Organisations that implement programmes at this level use a structural approach that helps them focus on improving their security culture. They may still call what they do security awareness trainings, when in practice they are running successful security culture programmes, building and maintaining the kind of security culture they want.
Looking at the definition of culture again – the ideas, customs and behaviour of a society or group – it becomes clear that having knowledge or perception of a situation or a fact is not enough if we want to change culture. What we need to do is to identify the ideas, the customs and the behaviour that reside in our organisation today, and consider what ideas, customs and behaviours we want in our organisation. Bridging that gap is what our efforts should be all about.
By now you may be wondering if I expect you to do all of this by yourself. I don’t. Nor should anybody else. Changing culture is a task done by a number of people, and your job is to be part of that force. In the next chapter I will give you some pointers as to whom to ally with.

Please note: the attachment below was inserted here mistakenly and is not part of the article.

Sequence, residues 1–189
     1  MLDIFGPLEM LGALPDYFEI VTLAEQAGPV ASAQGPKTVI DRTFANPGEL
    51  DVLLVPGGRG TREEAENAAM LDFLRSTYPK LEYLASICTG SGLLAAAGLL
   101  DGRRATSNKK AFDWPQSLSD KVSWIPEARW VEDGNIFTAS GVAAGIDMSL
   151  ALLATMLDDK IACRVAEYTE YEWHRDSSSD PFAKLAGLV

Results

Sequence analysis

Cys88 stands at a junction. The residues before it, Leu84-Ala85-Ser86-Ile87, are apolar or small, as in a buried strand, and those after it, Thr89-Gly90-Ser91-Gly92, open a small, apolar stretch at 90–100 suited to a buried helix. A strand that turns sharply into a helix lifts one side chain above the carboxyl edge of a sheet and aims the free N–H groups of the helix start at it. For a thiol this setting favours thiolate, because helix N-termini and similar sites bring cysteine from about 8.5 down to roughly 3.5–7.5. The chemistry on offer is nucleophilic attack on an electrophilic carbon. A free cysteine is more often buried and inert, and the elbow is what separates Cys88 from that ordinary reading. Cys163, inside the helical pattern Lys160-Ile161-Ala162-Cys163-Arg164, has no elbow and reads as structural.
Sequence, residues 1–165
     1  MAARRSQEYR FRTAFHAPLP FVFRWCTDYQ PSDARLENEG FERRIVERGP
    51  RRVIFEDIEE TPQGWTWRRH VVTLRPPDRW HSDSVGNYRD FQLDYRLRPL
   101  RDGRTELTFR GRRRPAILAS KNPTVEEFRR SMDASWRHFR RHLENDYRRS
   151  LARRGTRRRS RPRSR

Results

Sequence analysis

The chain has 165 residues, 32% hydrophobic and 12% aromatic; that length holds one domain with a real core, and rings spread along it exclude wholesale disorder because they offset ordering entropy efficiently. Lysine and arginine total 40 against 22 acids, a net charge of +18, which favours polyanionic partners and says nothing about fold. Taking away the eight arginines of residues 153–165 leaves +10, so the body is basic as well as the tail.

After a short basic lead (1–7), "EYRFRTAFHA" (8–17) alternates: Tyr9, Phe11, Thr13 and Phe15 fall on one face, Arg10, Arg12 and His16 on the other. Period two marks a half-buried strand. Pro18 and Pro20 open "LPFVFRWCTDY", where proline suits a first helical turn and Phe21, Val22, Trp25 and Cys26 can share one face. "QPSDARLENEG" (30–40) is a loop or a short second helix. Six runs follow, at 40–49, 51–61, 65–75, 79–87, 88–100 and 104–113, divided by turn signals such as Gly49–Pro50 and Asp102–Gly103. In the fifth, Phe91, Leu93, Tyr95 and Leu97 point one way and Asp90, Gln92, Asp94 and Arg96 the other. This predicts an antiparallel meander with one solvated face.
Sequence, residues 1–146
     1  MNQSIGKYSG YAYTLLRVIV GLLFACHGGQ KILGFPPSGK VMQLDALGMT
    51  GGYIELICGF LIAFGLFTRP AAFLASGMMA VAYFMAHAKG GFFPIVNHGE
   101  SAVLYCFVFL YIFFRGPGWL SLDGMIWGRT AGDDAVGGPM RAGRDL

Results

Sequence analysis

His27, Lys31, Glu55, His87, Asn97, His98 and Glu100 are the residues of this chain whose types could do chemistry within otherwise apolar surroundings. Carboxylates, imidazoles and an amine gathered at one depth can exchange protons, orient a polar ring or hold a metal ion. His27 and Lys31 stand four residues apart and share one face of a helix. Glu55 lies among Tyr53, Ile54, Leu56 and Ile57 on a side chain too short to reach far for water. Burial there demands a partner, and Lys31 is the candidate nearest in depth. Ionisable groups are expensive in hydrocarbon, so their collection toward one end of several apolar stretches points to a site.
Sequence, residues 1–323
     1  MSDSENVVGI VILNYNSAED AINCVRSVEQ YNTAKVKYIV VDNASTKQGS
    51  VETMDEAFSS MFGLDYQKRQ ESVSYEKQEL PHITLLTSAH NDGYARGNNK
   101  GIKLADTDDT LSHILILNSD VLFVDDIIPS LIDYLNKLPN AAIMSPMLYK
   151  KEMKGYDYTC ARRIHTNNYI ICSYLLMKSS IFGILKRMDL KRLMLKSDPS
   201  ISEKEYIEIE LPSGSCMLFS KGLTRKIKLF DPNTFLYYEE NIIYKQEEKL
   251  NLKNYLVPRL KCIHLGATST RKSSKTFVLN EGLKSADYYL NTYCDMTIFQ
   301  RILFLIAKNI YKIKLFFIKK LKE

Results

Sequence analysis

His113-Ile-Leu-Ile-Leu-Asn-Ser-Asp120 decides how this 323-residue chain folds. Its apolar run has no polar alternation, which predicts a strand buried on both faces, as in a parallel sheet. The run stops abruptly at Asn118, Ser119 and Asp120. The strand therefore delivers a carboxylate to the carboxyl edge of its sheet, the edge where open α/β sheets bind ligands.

John, the CISO of a large, multinational bank, learned that his colleagues in other parts of the organisation viewed his work and team as a nuisance, a distraction to their own work and a hassle that was forced upon them. “They just don’t get it,” complained John, “I’m here to secure the business so that we can avoid breaches and downtime, and all they give me are complaints and negativity.” John is not alone in facing this challenge. The challenge is to demonstrate a clear business value that resonates with the rest of the organisation, even if plans must be changed along the way.
The first step in this direction is to understand the business, and how business in general functions. As part of that understanding, John realised that security secures the business and reduces risk. The purpose of security is not to remove all risk, nor is it a question of getting in the way of business. “I understood that there cannot be security without business,” he told me, “but it very well may be business without security!” After this revelation, John toured the different departments and locations, discussing security issues with department managers, country managers and many more. His focus was not on selling security, but to learn about the challenges each department faced, and to learn how he could change the communication within the bank. He set out to build bridges instead of burning them.